Willy Nanlohy hands over black book of J.P. Coen to Prince Claus.

In 1987 Moluccan artist Willy Nanlohy discovered that his basement exhibition at the Westfries museum was linked to the main exhibition about the VOC, where J.P. Coen was praised as an important historical figure throughout the whole exhibition, and in the form of a statue.
On the opening of Nanlohy’s exhibition, he communicated his frustration by covering all his pieces of work in black cloths as an expression of mourning. A group of Moluccan people secretly entered the opening to hand out pamphlets, while Nanlohy officially handed a detailed coverage of Coen’s deeds to prince Claus.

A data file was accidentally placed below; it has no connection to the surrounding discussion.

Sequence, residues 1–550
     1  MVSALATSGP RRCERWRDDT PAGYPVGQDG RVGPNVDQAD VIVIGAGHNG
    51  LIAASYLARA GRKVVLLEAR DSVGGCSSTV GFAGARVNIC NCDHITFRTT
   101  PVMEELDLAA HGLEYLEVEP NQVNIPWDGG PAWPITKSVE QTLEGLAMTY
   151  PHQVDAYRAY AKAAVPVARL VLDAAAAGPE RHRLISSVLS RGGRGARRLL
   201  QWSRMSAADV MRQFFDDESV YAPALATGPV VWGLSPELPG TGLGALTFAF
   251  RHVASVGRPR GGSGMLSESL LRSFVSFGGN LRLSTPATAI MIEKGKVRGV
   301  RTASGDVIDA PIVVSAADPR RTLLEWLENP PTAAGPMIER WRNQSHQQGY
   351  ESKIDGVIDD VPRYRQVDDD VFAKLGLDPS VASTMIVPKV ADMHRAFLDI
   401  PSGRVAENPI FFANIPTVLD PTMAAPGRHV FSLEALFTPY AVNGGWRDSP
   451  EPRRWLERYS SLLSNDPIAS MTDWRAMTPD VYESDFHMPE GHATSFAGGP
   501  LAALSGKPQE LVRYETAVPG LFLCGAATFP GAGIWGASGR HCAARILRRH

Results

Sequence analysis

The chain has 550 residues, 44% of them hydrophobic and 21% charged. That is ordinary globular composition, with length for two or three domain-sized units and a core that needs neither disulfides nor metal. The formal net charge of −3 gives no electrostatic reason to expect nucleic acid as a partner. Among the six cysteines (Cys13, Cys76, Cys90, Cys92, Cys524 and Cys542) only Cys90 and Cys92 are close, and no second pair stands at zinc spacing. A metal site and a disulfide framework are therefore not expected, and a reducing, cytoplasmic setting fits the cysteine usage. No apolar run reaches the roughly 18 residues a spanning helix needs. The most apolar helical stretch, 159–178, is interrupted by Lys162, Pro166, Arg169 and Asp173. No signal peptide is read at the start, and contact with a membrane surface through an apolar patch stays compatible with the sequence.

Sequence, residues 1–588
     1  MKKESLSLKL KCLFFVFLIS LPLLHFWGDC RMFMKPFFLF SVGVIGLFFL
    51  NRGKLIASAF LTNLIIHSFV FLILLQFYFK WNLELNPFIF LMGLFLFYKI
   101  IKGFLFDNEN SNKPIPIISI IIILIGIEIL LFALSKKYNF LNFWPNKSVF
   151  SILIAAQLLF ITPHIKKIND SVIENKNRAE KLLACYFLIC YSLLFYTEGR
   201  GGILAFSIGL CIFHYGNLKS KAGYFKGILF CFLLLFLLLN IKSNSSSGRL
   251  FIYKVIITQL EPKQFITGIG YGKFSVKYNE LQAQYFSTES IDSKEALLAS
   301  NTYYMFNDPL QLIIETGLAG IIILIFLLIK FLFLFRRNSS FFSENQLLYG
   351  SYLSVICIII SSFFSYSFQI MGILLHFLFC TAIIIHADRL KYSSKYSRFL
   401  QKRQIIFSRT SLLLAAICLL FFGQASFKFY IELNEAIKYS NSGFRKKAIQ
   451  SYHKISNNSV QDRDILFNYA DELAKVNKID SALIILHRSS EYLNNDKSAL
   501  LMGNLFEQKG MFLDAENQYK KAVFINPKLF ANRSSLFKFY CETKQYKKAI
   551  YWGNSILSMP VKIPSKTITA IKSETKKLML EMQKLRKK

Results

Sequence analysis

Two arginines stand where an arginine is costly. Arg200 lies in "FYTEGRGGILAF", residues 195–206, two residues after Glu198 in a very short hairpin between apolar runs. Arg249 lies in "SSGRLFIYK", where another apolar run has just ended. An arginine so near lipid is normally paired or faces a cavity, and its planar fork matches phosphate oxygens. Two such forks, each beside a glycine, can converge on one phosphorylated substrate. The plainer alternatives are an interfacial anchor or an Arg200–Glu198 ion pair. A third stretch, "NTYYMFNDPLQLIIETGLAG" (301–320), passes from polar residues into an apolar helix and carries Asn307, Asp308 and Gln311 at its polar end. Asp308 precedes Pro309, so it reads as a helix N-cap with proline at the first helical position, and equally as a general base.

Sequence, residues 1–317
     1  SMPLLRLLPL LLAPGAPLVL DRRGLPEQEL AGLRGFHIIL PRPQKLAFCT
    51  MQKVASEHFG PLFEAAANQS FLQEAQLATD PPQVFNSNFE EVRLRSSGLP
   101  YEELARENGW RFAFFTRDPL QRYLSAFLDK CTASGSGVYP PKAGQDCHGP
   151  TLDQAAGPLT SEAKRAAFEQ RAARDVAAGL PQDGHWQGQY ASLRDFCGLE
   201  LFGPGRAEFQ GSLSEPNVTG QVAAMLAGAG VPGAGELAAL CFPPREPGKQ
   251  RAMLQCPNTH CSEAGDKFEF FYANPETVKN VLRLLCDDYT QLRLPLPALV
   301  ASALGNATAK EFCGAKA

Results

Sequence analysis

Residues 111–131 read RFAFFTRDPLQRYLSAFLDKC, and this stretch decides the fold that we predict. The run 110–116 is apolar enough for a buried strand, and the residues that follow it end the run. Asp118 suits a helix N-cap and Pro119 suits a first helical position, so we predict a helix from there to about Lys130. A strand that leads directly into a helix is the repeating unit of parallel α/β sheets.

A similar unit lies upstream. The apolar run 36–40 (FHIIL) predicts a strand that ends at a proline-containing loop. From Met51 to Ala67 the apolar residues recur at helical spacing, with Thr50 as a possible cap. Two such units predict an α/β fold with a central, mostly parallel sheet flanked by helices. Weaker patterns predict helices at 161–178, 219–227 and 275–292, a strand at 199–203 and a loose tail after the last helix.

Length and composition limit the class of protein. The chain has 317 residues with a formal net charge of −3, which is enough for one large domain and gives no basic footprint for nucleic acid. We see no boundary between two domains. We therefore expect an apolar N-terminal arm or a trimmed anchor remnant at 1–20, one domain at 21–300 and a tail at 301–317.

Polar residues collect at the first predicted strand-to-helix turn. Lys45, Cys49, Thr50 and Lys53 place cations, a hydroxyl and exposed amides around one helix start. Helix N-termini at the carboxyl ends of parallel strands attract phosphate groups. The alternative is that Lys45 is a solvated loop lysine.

30 years later, there is still reason to mourn. I’m mourning because Coen’s deed to protect the Dutch trading business on the colonized Banda Islands made him deserve a statue. A celebratory statue of a historical figure that is responsible for genocidal actions, leaving only 1000 of the 10.000 Banda inhabitants alive.

Celebrating historical figures, silences historical tragedies.

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